“The right frontal lobe’s capacity to inhibit our natural impulse to selfishness means that it is also the area on which we most rely for self-control and the power to resist temptation.”   ~ Iain McGilchrist

Iain McGilchrist

Iain McGilchrist

I have mentioned my own neurosurgeries, repeatedly, and I probably will keep chirping about it till I die. Nonetheless, Iain’s comment on our neurological management of selfishness does not disquiet my time in the Jesus Prayer. Rather, Dr. McGilchrist is reframing what this quieting on toward the death of self the Church Father’s encourage us on toward. At least, for the moment, some in neuroscience and psychiatry are portraying our right hemisphere as the master. Other’s such as Michael S. Gazzaniga focus on the left hemisphere which Michael with a calm tone tells of it’s fabrications.IMG_0012

Think for a moment about our Desert Fathers’ unceasingly encouraging the rest of us on toward selflessness. At least in my primitive mind, I see the works of both Gazzaniga and McGilchrist as oddly voicing facets of what those Fathers have been calling us toward. Learning this fashion of prayer requires an increasing acknowledgement that our versions of self are naturally off the mark. But, unceasingly accusing the Devil of those concoctions we are not to follow, has that one cheering us on from the sidelines.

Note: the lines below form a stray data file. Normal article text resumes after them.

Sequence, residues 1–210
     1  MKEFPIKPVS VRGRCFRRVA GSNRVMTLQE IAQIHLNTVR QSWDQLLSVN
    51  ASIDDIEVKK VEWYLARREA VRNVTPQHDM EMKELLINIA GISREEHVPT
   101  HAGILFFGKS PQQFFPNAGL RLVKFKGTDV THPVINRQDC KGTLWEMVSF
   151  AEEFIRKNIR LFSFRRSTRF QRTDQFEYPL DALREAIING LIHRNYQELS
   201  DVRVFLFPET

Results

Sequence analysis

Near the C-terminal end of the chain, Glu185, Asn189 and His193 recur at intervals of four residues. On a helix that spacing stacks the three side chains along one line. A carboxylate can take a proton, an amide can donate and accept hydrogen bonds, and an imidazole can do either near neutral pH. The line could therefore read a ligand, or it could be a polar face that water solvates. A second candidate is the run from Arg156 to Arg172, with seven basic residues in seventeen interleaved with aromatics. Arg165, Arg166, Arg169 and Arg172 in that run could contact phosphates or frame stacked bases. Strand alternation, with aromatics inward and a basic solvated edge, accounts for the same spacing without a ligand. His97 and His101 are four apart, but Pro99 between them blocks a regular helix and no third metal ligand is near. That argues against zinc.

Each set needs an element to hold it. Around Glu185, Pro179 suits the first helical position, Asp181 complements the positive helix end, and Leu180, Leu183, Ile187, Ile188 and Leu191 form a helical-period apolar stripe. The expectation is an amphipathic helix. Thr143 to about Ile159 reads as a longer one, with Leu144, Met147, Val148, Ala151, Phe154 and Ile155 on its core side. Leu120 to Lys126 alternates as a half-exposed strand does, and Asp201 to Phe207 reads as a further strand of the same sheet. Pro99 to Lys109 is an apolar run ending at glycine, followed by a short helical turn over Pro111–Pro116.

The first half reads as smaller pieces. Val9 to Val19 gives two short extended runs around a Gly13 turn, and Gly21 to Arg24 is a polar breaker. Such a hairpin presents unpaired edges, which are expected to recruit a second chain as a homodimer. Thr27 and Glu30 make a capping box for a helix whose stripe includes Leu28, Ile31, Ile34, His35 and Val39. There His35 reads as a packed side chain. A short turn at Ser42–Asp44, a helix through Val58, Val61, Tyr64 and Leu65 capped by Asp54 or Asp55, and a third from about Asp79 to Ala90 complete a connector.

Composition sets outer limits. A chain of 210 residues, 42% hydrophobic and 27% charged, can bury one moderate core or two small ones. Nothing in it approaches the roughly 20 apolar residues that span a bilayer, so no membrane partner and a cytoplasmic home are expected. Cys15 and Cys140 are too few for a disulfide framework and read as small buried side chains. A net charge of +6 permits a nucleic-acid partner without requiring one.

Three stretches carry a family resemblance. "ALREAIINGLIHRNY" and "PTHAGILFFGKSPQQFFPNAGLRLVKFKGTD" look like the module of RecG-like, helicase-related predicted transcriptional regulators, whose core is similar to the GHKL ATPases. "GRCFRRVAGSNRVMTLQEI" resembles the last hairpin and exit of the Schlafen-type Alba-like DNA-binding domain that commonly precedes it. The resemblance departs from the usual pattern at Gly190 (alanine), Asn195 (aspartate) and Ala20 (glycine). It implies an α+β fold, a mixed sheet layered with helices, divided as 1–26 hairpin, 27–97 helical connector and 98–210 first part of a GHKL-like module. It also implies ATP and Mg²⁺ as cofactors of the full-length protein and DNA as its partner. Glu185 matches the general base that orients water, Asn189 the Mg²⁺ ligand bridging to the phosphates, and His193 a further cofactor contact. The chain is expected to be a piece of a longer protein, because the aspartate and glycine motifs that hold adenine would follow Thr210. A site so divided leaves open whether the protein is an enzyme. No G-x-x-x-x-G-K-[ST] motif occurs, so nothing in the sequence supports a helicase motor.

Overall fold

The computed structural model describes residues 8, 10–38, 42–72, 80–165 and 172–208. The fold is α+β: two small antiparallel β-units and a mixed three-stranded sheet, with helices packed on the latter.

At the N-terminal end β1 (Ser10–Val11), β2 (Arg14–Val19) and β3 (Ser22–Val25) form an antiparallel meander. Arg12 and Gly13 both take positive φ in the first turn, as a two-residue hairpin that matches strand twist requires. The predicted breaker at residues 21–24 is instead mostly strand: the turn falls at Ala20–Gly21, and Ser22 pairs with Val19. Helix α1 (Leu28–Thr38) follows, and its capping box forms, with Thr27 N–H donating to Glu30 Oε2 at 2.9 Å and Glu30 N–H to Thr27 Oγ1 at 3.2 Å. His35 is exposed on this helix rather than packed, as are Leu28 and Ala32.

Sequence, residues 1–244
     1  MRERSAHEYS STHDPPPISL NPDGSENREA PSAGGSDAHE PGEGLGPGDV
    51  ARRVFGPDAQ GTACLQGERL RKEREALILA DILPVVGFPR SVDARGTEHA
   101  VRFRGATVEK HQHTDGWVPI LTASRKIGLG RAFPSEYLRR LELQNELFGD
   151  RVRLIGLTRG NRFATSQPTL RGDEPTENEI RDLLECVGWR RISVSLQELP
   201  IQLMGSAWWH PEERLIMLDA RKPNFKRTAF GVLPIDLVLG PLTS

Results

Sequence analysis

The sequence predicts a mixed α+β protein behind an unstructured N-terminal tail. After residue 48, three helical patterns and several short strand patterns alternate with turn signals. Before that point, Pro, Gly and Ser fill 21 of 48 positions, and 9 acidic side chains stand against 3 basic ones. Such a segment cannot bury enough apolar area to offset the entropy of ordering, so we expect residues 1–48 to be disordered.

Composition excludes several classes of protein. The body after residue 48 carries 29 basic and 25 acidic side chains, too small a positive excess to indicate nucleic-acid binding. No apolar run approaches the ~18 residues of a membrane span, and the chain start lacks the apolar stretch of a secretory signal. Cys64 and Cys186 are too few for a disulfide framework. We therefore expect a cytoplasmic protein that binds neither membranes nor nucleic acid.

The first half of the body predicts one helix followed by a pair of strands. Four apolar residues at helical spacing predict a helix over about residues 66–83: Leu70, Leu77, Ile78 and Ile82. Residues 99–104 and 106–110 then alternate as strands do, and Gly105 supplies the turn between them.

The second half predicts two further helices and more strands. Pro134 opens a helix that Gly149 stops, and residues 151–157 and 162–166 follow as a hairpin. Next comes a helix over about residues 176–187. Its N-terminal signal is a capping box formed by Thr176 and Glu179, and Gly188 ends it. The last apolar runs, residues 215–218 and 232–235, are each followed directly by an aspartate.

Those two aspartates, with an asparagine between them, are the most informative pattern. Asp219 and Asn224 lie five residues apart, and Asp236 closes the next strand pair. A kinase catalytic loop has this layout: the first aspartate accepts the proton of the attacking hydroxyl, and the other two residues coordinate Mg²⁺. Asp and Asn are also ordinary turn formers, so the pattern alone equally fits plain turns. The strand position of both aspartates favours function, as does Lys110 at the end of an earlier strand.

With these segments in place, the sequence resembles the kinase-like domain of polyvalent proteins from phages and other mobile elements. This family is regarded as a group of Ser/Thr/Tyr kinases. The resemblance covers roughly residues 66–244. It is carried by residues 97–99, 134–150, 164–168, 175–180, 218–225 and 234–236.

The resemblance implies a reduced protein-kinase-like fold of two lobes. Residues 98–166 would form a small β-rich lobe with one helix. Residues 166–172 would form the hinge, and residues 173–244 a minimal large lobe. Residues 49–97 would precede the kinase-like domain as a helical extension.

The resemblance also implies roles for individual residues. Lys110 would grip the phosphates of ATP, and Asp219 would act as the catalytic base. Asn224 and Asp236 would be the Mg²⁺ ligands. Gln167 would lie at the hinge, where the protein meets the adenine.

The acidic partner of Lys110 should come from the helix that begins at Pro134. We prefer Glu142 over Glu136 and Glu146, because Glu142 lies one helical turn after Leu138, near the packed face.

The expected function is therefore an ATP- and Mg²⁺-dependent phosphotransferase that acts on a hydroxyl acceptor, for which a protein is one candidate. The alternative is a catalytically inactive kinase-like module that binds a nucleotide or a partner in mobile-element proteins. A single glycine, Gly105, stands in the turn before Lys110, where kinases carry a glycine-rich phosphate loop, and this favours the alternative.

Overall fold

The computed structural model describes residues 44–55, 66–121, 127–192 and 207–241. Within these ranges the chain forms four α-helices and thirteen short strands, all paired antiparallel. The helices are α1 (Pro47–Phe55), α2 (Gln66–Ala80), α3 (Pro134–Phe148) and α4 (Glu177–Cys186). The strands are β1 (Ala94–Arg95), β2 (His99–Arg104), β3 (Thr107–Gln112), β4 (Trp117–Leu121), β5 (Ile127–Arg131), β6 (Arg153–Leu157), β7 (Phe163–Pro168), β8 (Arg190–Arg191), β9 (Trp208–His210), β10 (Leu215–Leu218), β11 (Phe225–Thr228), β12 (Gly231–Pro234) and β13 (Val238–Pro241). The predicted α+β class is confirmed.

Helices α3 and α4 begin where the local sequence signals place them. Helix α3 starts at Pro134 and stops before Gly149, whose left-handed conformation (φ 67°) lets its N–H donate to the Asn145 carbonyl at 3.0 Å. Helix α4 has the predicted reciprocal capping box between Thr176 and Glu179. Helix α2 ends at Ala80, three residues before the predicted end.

I am not saying that one is uninvolved, rather, I am putting forward our using Satan to keep our eyes off our own part in fallenness. So then, take what Evagrios the Solitary advocates as essential:

“Self-esteem is the start of illusions in the intellect. Under its impulse, the intellect attempts to enclose the Deity in shapes and forms.”Evagrios the Solitary


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